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Who Should Perform Your Compact Machine Maintenance: You or Your Dealer?
Evaluate Time, Expertise, Opportunity Costs To Make Best Decision
Evaluate opportunity costs
An overlooked element of consideration in the maintenance decision is an opportunity cost calculation. This involves an analysis of savings gained from performing your own maintenance with the revenue that can be generated from being on the job longer. Fitzgerald says opportunity costs can vary based on rates and accurate time estimates.
“If it takes you four hours to change oil and you’re making $150 an hour in your operation, that’s $600 of lost opportunity costs. The same work may take two hours at the dealership at $100 per hour,” Fitzgerald says. “It may not make sense to take a machine out of service for half a day when a dealer can do it in significantly less time. Utilizing the dealership is appealing not because it’s the cheapest option, but it may return the best opportunity cost, be the most convenient and reduce downtime,” he adds.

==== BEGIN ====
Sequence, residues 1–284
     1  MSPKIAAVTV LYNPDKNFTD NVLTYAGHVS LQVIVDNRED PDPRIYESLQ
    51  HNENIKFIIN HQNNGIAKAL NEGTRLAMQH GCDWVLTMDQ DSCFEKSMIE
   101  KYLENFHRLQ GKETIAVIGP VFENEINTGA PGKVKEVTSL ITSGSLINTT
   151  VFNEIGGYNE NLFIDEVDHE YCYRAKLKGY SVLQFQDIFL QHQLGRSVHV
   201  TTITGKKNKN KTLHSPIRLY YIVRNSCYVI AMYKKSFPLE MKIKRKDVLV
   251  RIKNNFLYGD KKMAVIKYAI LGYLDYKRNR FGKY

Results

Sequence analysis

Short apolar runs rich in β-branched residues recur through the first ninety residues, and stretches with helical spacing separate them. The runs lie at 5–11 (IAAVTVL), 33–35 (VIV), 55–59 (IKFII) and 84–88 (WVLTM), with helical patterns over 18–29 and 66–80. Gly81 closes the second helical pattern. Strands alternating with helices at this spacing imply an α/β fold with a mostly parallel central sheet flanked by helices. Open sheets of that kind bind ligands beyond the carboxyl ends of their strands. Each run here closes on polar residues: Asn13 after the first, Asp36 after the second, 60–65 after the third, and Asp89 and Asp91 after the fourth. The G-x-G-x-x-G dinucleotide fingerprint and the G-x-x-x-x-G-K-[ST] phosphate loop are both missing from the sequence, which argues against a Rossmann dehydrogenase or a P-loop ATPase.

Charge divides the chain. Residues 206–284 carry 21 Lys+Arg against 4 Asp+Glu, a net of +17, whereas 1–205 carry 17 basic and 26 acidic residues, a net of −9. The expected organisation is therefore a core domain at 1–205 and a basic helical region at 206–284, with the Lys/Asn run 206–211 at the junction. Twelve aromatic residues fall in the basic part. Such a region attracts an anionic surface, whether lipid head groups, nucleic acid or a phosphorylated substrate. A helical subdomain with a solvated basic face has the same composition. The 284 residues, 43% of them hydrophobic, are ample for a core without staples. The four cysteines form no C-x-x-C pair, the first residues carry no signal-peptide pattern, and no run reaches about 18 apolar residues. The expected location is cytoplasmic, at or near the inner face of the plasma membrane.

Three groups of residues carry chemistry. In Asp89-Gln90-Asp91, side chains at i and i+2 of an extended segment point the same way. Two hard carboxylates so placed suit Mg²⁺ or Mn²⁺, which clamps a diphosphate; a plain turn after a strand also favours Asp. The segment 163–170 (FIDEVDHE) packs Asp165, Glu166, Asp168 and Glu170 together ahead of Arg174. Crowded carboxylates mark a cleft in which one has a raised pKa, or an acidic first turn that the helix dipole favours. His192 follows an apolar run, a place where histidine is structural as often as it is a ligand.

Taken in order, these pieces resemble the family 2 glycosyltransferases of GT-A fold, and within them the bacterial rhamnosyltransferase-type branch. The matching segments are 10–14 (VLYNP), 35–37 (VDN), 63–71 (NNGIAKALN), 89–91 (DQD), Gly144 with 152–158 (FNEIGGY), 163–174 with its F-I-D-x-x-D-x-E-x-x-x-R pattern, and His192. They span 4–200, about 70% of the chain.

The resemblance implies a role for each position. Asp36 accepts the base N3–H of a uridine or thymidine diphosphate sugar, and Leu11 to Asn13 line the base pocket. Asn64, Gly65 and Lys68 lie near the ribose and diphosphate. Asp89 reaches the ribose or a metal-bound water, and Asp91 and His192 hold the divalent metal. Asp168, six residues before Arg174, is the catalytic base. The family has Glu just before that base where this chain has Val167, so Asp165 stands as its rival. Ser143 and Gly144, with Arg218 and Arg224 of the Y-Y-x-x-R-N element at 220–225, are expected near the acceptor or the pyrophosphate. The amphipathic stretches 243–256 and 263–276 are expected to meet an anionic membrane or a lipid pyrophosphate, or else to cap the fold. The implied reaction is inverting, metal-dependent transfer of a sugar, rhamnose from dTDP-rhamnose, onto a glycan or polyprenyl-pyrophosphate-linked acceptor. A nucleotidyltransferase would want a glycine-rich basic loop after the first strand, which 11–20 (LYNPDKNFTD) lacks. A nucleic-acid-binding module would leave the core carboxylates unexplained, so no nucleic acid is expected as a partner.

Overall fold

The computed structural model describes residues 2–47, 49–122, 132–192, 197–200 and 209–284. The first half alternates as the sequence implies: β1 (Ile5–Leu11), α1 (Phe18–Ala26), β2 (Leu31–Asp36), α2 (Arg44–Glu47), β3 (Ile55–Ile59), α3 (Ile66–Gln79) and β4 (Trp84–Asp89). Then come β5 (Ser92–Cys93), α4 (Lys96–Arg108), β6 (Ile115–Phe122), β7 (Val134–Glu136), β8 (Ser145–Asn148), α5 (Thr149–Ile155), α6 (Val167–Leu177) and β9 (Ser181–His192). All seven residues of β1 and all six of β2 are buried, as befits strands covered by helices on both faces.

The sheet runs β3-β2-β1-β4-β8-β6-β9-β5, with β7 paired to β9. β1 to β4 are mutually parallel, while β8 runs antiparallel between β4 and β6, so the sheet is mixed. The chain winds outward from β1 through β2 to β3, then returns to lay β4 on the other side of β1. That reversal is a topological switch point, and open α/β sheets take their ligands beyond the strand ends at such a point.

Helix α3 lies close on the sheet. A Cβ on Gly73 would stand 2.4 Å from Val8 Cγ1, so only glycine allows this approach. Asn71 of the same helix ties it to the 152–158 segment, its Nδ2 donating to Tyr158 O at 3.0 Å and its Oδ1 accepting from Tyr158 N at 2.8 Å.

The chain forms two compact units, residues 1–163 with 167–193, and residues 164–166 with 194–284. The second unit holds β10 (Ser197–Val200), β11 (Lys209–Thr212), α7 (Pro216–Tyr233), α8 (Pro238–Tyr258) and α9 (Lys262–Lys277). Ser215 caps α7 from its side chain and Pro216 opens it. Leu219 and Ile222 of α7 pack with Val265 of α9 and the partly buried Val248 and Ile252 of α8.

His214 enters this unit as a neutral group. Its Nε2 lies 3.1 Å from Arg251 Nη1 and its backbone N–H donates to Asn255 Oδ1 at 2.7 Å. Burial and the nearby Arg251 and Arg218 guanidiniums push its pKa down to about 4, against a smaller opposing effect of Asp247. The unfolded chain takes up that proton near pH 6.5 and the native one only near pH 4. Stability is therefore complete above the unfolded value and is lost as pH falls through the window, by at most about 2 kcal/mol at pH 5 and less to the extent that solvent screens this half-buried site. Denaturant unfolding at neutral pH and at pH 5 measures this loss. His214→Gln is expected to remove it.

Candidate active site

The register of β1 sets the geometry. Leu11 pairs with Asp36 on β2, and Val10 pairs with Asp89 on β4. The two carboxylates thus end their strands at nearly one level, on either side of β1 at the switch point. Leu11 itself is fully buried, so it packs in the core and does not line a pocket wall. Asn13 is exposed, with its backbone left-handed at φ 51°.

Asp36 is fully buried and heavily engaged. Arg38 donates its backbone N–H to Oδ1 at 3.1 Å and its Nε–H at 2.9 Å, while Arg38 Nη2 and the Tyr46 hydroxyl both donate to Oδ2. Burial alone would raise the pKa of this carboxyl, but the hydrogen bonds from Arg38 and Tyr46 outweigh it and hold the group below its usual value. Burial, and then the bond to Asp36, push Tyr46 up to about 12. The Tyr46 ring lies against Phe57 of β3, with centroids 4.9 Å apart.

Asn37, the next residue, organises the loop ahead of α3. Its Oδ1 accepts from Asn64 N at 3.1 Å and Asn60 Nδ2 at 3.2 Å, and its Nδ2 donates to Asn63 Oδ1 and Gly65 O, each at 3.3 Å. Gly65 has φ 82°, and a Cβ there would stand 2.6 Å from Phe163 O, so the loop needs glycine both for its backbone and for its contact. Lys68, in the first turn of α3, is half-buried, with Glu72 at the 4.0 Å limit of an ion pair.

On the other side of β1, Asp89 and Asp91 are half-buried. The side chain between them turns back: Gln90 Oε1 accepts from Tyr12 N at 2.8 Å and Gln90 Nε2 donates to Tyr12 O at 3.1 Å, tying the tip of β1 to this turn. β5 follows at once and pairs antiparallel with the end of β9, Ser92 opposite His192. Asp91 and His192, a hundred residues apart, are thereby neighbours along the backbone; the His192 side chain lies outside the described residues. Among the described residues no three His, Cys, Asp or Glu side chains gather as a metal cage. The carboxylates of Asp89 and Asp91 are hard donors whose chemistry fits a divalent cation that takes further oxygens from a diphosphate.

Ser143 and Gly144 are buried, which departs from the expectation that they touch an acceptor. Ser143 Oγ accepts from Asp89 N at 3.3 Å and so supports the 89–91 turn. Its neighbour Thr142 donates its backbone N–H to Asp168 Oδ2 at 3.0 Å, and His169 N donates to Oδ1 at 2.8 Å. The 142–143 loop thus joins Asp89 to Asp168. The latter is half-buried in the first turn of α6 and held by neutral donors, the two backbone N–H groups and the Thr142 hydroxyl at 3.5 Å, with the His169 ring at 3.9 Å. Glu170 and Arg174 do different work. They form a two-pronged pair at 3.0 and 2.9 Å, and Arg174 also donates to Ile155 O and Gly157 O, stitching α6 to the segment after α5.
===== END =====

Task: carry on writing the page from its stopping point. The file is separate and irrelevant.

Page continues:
The bottom line with maintenance decisions is to properly calculate the value of your time and the level of your expertise. You may determine that by staying on task with billable projects when work is available, you could afford to outsource maintenance and come out ahead financially.
Sums up Sams, “Do what you do best. If you dig trenches, then dig trenches, and let your dealer take care of your equipment.”
Compact Equipment Inspection Checklist
Attachment quick-tach mechanism
Bucket teeth/cutting edges
Drive and hydraulic functions
Gauges, dash panel
Heating and cooling systems
Engine oil and coolant levels
Engine air filter
Hydraulic fluid level
Chaincase fluid level
OEM Parts Protect Uptime